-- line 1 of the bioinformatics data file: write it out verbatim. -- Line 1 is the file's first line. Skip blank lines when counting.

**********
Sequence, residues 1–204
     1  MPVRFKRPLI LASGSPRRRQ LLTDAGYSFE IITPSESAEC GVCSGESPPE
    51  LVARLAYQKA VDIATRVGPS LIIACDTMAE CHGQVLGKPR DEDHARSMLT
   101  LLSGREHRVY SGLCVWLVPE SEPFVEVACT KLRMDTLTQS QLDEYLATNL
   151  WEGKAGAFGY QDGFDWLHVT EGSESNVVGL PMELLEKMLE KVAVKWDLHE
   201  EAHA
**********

Sequence, residues 1–204